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Moated site at Churchill Court

A Scheduled Monument in Churchill, Worcestershire

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Latitude: 52.1806 / 52°10'50"N

Longitude: -2.1131 / 2°6'46"W

OS Eastings: 392365.910288

OS Northings: 253596.572663

OS Grid: SO923535

Mapcode National: GBR 2HT.6M0

Mapcode Global: VH92W.BG87

Entry Name: Moated site at Churchill Court

Scheduled Date: 21 January 1999

Source: Historic England

Source ID: 1018545

English Heritage Legacy ID: 31943

County: Worcestershire

Civil Parish: Churchill

Traditional County: Worcestershire

Lieutenancy Area (Ceremonial County): Worcestershire

Church of England Parish: White Ladies Aston with Churchill and Spetchley

Church of England Diocese: Worcester


The monument includes the buried and earthwork remains of the moated site and
its associated fishponds, quarries and enclosures at Churchill Court. The
monument is located on a promontory of high ground in a commanding position
to the north east of St Michael's Church.
The island is sub-rectangular, almost circular, and measures approximately 55m
by 40m. It is defined by a substantial moat which, although silted, still
maintains a depth of water throughout most of its circuit. The moat measures
up to 3m deep and 6m wide, narrowing to 3m on the northern and eastern,
downhill sides where it is retained by a substantial outer bank. There is a
short projection at the moat's south east corner. The moat now relies largely
on rain water for its supply. The island is generally level and undisturbed,
and no traces of structures are evident, although there is a considerable
amount of stone scatter visible. An `L'-shaped depression in the south and
west areas of the moat island may be the site of former buildings. There is no
evidence of formal access to the island, access currently being gained at the
dry north west corner.
To the north of the moat are a pair of large depressions and banks which may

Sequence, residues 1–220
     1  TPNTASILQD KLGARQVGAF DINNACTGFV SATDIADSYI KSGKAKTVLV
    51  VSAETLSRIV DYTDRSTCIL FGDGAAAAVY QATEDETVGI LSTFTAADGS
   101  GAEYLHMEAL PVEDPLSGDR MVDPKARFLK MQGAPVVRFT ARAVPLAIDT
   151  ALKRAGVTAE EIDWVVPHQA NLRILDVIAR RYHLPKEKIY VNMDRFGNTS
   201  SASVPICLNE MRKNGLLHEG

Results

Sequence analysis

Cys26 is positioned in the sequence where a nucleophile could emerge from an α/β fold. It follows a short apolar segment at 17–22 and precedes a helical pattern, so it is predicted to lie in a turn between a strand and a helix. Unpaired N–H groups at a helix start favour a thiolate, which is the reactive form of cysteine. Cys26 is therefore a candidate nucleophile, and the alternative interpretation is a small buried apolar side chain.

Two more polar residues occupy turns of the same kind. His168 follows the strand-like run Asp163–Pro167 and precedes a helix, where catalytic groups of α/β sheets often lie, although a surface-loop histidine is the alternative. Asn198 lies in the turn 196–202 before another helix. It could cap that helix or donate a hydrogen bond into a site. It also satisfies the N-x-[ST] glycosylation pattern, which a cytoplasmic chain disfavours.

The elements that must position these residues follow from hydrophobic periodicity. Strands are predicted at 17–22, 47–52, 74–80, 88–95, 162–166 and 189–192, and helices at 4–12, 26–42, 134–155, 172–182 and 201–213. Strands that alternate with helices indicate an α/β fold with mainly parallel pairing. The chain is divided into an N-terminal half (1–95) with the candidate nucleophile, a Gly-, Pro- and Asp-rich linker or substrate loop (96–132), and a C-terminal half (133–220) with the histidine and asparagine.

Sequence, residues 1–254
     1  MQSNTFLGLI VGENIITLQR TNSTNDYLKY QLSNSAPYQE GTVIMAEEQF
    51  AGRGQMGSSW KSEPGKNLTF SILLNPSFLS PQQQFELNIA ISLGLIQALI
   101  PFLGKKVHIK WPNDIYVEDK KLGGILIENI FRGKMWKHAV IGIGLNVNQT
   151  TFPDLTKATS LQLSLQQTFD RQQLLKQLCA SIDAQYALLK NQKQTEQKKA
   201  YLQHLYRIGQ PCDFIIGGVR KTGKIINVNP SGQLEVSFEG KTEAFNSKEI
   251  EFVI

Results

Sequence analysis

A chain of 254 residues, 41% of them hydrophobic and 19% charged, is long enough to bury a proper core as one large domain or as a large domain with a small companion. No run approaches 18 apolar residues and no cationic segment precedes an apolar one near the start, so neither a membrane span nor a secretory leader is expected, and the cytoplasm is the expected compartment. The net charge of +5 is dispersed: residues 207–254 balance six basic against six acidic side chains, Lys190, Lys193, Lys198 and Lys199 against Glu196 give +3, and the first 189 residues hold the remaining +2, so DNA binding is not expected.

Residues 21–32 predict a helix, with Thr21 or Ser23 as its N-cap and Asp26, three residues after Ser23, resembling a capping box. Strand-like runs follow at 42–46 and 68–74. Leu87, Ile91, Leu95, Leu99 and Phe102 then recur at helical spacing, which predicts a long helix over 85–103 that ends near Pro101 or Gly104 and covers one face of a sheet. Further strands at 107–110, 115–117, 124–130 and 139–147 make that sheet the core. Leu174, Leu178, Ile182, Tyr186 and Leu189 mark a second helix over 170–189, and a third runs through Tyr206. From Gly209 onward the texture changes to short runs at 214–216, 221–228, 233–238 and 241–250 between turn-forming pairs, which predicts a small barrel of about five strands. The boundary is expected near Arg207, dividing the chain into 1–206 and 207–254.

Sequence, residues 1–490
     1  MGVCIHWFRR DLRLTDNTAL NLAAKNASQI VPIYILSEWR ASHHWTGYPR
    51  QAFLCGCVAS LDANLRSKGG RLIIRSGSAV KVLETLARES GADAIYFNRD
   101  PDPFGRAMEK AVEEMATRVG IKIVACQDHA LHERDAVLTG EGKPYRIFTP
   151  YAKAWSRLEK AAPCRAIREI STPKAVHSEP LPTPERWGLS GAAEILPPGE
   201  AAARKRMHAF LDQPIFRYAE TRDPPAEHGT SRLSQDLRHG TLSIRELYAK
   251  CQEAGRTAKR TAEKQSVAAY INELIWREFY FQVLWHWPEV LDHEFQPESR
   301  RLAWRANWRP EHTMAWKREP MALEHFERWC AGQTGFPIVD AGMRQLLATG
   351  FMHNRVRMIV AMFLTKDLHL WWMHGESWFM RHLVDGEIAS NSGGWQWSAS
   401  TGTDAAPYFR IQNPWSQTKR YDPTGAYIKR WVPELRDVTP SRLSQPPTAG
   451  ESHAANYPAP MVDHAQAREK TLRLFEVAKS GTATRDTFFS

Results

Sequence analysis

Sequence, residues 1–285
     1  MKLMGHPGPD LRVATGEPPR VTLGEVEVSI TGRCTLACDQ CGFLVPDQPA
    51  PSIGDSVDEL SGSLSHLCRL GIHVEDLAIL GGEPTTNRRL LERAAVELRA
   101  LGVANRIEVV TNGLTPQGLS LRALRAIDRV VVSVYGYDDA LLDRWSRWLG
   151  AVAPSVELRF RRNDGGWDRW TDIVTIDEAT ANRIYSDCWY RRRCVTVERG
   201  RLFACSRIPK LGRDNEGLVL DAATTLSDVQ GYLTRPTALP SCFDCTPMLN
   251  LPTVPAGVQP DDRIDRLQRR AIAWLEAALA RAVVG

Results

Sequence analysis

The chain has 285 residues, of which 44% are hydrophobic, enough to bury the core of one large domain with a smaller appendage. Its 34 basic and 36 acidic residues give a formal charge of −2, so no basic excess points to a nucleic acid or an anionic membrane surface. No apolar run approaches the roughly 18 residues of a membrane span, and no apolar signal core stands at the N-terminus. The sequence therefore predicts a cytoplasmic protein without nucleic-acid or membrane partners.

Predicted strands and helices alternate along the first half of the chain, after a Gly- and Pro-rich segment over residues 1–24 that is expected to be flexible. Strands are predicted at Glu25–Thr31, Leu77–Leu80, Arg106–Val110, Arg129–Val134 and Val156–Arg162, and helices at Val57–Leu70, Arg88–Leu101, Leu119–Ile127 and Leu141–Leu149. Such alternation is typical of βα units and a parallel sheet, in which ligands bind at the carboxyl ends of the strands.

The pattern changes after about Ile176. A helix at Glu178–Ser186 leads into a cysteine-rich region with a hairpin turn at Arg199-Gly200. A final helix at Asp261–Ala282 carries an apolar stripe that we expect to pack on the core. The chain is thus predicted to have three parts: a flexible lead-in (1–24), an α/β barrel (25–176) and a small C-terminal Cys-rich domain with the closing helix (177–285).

represent quarry pits relating to the moat. Running from a point midway along
the northern arm of the moat and partly defined by the moat's outer bank, is a
substantial hollow way approximately 3.5m wide and 1.5m deep, which terminates
after 110m at the base of the slope.
To the east of the moat, on a downhill slope, are the remains of a large
enclosure approximately 100m by 80m, within which earthworks are visible.
These consist of a slight terrace running across the enclosure from north to
south; at the midpoint of this feature is an 8m by 3m depression. These
earthworks are thought to be associated settlement and agricultural remains.
They will provide evidence for the relationship between the moated site and
the outer enclosures and for the agricultural regime and economy and
subsistence of the moat's inhabitants. By the south east projection of the
moat is a large 20m by 15m hollow which represents the remains of an attached
All post and wire fencing is excluded from the scheduling although the ground
beneath is included.

The site of the monument is shown on the attached map extract.

Source: Historic England

Reasons for Scheduling

Around 6,000 moated sites are known in England. They consist of wide ditches,
often or seasonally water-filled, partly or completely enclosing one or more
islands of dry ground on which stood domestic or religious buildings. In some
cases the islands were used for horticulture. The majority of moated sites
served as prestigious aristocratic and seigneurial residences with the